History: Three-hundred years after the pilgrims made their way to New England in the early 17th century, the British made their contribution to modern American craft soda in what would become Yacht Club Bottling Works. Current Yacht Club President John Sgambato tells us over the phone that Yacht Club originated in 1915 and was brought over from England to Providence, Rhode Island by the Sharp family. It was a “roll your sleeves up” and go to work type business. Sgambato says the family found a well to source water for the soda and went from there. To this day, the company still uses its own water supply, which Sgambato says has great characteristics for carbonation. Their website expands on this idea a bit, saying “Its natural temperature is 45 degrees, which allows carbonation without the use of cooling towers that can be bad for the environment.” If I’m being honest, I don’t really know what that means… but it sounds nice. Sgambato’s grandfather, also named John Sgambato, started working for Yacht Club in 1935 and the Sgambato’s have owned the business since 1960. “We were doing it long before people called it craft or artisanal or gourmet,” he says. And he’s not lying. Yacht Club has always used pure cane sugar in its soda, even when others began switching to corn syrup for a period of time when its price became vastly cheaper. Good on them because when it comes to soda, the sweetening agent is one of those things you just can’t skimp on. Drinking corn syrup soda is like sleeping on a lumpy bed: the clients or women you’re trying to impress will never come back. Ahem. The Sgambato family has introduced many flavors to the Yacht Club line since they took over in 1935, but we felt like our first Yacht Club review needed to be one of the originals. Cream soda was one of a handful of flavors the Sharp family brought over. Sgambato notes that old cream sodas used to be made with condensed milk and vanilla. Because of shelf life issues, bottled cream sodas can’t be made that way today, but Yacht Club still tries to replicate that style of flavor. Sgambato tells us, “We wanted something that was more true to form to what it (cream soda) used to taste like.” The company’s not-so-secret ingredient? Pure alcohol extract of vanilla. Sgambato believes this gives the soda a pure, high-quality vanilla flavor. And don’t worry – there’s no alcohol in Yacht Club Cream Soda. When it comes to taste, Yacht club Cream was was designed to be “smooth almost like a vanilla ice cream.” The company also makes all of its syrups in-house, a task many businesses source out to flavor houses. Sgambato closes our conversation, simply saying “There’s not many places in the country that make soda the way we do.”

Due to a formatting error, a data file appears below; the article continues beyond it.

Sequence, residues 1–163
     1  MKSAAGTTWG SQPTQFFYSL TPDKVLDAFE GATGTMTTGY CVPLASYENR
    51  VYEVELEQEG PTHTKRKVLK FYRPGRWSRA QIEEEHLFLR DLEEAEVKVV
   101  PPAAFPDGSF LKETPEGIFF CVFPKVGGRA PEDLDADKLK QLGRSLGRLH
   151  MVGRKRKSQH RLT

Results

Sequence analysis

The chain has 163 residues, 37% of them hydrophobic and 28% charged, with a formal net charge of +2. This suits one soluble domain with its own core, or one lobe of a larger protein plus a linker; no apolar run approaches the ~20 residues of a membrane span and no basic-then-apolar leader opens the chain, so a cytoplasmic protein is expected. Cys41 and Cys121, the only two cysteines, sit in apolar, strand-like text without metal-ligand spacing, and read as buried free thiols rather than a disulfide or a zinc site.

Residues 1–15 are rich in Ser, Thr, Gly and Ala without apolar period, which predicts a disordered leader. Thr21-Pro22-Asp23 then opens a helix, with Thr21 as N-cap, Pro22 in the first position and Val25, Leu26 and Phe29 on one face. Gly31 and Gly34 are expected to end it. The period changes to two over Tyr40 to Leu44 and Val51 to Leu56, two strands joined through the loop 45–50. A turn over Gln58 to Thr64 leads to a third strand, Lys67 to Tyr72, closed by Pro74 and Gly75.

Where to get: Yacht Club soda is sold mostly in the southern New England region. To our knowledge it is not sold online through any outlets, though the company is considering creating an online store. Yacht Club is currently only willing to ship orders in bulk.
Nose: Mild caramel. Honestly not much of a scent.
Taste: Big carbonation; mild vanilla; caramel; burned sugar. The carbonation in Yacht Club Cream Soda is big and bold, and it’s immediate before any flavor comes in. Once the bubbles pass, you’ll taste mild vanilla and caramel. The caramel is the stronger of the two flavors. The vanilla is subtle, but nice, and it lingers for pretty much the duration of each sip. Interestingly, the body of the soda is dry, but the end of each sip is kind of creamy. It’s an odd mouth feel for a cream soda. The carbonation in this is borderline harsh on some sips and cuts into the flavor profile. When combined with the caramel notes, the two combine to give off a burned sugar taste.
Finish: Slightly creamy vanilla-caramel. By far the best part of the soda.
Rating: Yacht Club Cream Soda is powered by its subtleties of vanilla and caramel, but it’ll probably be remembered for its intense carbonation. Caramel is the soda’s biggest flavor, followed closely by mild vanilla. The two work very well together, particularly in the soda’s finish. At 28 grams, this isn’t an overly sweet cream soda. I’d say the sugar is just right. The problem is the carbonation. It’s a little too overbearing right from the get-go, just like my stepsister. About half way through the bottle it starts to subside a little more, but some drinkers may have abandoned ship at that point. The bubbles mask the really pleasant notes of caramel and vanilla. I think if that carbonation was pulled back some, the flavors in this cream soda would really open up more and take it to another level. Still, if you stick with this, the caramel and vanilla come through more as the soda progresses. The vanilla actually kind of becomes stronger as you drink it and has a vanilla ice cream taste. This is more of a crisp, sweet soda than a creamy one. It would be a really good mixer with an oaky bourbon or maybe even just an orange slice to add a little extra something. Is it worth your time? I think so. It’s a grower. There’s a number of joke opportunities here, but it seems like a safer option to end the review now.